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Have you ever come out of a meeting wondering: ‘How did I get here?’

You went in wanting one thing, but came out with something else?

You started the day feeling powerful, determined and grasping a clear set of desired outcomes. And yet ended the day with unforeseen and unwelcome results.

Often it’s not until the dust settles that you realise exactly what has happened. You’re on your way home, and slowly it dawns on you that things haven’t worked out as you hoped.

You started the day feeling powerful, but have ended the day feeling drained.

How has this happened?

To understand how and why we lost power, we need to understand where it came from in the first place.

Some power is positional, some is personal.

Positional power is bestowed upon you by the organisation you work for and can be broadly categorised into three sources – status, expertise and resources.

1. Status power might be called the stripes on your sleeve – you’re rank or job title. Where you are somebody’s boss you will naturally have more power because you and they know that you hold positional power.

2. If you’re the expert in a situation, the specialist in the room, you will feel more powerful at certain times. If you’re Finance Director, for example, and the conversation turns to finance, it’s likely that in the moment you feel more powerful. However, as the conversation moves to marketing or sales, it might be that your power diminishes.

3. Resource power is where you have neither status nor expertise power, but you have access to resources that other people need. Accrediting facilitator Dr Nicola Lincoln uses the example of the doctor’s secretary.

“Secretaries don’t hold the same positional or expertise power as the doctor, but they are in charge of a scarce resource,” she says. “They are the gatekeepers, in charge of access to a doctor’s time. And it might be that executive assistants, for example, will have a similar source of power within your organisation.”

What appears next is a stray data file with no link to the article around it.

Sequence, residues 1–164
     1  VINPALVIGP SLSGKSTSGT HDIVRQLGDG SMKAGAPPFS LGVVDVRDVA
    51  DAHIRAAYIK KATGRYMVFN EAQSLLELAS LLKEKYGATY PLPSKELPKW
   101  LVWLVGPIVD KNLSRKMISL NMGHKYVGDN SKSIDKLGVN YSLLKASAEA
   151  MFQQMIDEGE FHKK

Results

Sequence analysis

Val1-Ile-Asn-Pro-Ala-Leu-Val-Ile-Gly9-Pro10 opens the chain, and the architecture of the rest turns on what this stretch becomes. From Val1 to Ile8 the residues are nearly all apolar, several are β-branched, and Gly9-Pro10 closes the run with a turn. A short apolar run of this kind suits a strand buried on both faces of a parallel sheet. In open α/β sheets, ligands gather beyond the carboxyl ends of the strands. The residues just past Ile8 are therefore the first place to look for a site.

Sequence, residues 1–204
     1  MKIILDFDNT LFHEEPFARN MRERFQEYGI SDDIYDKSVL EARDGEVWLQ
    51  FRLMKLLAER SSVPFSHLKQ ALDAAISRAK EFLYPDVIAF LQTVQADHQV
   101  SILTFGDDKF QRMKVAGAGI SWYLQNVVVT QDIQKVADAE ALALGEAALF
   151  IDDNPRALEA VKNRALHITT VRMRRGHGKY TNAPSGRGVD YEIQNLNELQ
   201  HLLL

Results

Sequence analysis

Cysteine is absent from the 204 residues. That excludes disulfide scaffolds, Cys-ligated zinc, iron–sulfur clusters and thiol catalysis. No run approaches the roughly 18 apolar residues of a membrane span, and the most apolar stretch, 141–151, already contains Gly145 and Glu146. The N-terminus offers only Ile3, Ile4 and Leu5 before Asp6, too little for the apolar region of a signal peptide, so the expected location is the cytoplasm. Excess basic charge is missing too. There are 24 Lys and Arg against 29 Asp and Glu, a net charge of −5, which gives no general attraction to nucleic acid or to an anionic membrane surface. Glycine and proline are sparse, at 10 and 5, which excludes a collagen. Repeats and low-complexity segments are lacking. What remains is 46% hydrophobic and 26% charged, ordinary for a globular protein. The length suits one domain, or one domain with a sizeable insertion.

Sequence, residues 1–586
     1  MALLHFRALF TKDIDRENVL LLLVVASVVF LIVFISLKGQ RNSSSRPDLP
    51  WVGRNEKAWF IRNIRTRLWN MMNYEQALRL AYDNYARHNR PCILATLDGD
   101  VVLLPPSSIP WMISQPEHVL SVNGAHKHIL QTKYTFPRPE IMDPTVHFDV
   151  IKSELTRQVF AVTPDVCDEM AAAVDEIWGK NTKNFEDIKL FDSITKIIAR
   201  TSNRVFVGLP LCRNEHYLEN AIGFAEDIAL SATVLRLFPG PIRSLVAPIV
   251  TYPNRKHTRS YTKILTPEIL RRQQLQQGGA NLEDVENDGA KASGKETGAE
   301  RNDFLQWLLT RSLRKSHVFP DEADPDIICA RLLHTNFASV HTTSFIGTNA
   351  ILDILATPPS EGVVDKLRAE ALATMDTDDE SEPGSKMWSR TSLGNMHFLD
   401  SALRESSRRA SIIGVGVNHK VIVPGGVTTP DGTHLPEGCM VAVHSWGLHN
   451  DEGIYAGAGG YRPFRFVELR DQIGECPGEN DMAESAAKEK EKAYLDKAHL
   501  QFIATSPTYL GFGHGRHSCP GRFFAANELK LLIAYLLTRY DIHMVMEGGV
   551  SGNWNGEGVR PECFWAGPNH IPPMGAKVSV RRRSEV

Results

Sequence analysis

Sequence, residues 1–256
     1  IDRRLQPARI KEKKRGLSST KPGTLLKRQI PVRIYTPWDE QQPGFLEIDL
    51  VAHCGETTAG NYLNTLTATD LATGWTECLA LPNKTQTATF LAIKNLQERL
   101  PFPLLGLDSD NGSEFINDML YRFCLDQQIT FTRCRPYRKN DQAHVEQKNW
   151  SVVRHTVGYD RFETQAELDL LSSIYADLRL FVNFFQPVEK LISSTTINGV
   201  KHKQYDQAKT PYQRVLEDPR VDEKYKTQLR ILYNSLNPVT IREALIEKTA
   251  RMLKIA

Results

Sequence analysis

If you rely solely on these sources of power to influence others, it can be really unhelpful when you try to influence people where you don’t have that positional power to call on.

Dr Lincoln says: “That’s not to say positional power is a negative. All three sources of positional power – expertise, status and resources – can be incredibly useful. But they can also disable you when you don’t have them.”

Indeed overuse of positional power can be damaging in two ways. Not only will it leave you feeling powerless in situations where you don’t hold positional sway, but also, if you continually pull rank to get things done, it can damage long-term relationships and reduce your power and impact even in those situations where you do hold rank.

This is where personal power comes in.

Personal power is about how you think, how you feel and how you hold yourself physically. It’s physical, mental and emotional energy that you bring to any situation.

The more you enhance it, the more effective you will be, because you can use personal power to influence anybody – your boss, experts, people who have resources you need – in any situation.